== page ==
In recent years, India has become one of the fastest developing markets in the e-commerce industry. With an online user base of around 100 million in 2016, the e-retail business in India is expected to touch the $100 billion revenue mark by 2020. As per an Assocham survey, consumer demand is witnessing a market growth of as much as 40 percent in the ongoing festival season, as compared to 2015. This exponential growth can largely be attributed to the massive chunks of data available with companies. Availability of data has created the opportunity to utilise past trends and performances for growth, allowing companies to improve customer satisfaction via better products and services.
As retailers prepare for the big season sale, the use of Big Data has become a critical force in growing revenues. Big Data Analytics is helping retailers stay in front of a new breed of consumer, the omni-channel shopper. Consumers are today shopping across multiple channels, from brick-and-mortar stores and catalogues to online websites and mobile devices. This transformation is in large part driven by advances in portable devices, digital media and geo-based technology.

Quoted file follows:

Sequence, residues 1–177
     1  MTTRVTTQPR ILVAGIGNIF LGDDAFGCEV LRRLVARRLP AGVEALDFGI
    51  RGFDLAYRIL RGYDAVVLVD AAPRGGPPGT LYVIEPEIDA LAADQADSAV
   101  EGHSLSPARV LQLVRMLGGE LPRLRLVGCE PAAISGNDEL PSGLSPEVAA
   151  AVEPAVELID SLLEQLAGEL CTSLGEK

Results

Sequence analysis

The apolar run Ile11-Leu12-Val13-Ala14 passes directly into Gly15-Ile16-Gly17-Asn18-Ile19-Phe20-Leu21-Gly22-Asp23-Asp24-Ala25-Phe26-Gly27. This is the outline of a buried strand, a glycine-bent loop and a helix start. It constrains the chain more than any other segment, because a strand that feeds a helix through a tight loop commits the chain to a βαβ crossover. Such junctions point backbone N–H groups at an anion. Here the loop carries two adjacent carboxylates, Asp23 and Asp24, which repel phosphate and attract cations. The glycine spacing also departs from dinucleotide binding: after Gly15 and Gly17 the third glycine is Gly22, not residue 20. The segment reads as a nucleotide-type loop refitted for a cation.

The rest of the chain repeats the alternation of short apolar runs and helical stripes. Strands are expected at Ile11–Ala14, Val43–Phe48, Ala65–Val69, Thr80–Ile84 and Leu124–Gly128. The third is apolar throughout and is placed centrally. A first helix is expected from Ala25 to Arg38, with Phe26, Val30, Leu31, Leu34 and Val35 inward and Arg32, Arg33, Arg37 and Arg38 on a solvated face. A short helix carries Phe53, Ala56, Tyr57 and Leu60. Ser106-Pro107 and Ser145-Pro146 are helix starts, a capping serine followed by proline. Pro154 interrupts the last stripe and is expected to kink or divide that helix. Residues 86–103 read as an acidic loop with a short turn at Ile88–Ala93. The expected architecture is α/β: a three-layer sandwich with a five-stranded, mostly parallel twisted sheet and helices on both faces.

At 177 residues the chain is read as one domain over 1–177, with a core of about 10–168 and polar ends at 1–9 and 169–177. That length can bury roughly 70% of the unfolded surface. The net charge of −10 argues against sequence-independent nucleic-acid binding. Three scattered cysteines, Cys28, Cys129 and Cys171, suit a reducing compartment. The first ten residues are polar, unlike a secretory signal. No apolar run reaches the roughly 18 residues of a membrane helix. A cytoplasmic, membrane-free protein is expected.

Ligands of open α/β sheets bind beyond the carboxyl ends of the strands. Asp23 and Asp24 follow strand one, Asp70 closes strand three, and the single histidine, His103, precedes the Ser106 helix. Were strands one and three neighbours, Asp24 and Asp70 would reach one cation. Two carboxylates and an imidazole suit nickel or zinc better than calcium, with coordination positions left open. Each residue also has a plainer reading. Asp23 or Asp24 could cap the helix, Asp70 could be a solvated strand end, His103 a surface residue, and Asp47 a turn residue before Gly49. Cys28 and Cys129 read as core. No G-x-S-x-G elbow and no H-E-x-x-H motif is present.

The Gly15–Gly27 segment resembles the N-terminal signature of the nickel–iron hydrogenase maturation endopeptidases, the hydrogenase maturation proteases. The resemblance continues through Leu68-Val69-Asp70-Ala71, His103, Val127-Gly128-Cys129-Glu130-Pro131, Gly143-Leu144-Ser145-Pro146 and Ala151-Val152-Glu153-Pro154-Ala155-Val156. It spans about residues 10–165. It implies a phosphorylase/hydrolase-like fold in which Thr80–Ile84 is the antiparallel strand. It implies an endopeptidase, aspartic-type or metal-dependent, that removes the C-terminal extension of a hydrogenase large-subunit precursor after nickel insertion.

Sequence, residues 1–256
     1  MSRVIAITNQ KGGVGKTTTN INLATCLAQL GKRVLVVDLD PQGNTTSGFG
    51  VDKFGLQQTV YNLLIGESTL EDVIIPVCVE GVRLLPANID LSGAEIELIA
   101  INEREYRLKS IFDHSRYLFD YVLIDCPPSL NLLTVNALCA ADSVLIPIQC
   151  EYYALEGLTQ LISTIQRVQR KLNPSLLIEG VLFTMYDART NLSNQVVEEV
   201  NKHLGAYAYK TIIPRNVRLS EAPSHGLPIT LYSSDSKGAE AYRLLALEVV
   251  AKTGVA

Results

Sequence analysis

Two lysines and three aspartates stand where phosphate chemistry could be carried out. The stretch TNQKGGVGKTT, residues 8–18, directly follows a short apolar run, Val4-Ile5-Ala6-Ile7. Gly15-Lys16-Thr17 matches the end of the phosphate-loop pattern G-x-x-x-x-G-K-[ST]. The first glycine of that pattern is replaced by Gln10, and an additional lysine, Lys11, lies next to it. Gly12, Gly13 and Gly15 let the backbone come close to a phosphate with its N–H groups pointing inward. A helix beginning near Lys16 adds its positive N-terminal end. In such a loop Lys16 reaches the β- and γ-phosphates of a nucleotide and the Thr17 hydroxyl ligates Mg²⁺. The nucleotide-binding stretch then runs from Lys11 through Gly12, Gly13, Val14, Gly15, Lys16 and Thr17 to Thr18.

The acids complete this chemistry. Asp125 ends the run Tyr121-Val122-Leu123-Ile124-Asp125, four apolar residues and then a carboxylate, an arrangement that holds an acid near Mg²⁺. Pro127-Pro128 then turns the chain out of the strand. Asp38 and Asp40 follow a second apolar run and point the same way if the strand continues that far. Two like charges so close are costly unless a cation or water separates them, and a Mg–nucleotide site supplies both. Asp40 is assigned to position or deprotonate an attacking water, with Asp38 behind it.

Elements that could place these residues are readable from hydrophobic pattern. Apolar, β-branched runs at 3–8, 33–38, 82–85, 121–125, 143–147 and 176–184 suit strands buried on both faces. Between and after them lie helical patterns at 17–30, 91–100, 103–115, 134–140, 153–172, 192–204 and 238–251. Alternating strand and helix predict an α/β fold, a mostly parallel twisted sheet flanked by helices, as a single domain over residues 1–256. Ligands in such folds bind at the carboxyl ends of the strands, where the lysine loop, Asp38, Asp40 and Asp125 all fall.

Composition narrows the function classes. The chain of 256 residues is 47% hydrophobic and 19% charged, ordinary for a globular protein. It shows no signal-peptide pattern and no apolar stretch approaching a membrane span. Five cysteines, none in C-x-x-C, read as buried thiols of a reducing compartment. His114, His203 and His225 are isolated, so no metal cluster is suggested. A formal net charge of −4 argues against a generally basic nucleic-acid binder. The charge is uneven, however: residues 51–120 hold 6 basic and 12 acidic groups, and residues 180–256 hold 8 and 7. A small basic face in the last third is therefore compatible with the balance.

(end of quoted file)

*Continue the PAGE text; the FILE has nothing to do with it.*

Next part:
The omni-channel shopping revolution has put the customer in control, compelling the retailers to look for a single, seamless approach that lets them interact with their customers anytime and anywhere, across any and all channels. The ability to foster a sales experience that melds the world of physical stores with online shopping has led both the consumers and the retailers to embrace omni-channeling retailing. E-commerce companies have now turned to Big Data Analytics for focused customer group targeting,, evaluating campaign strategies and maintaining a competitive advantage, especially during the festive shopping season.
Here are some of the many ways in which companies use Big Data to provide a personalised customer shopping experience.
Customer Journey and Behaviour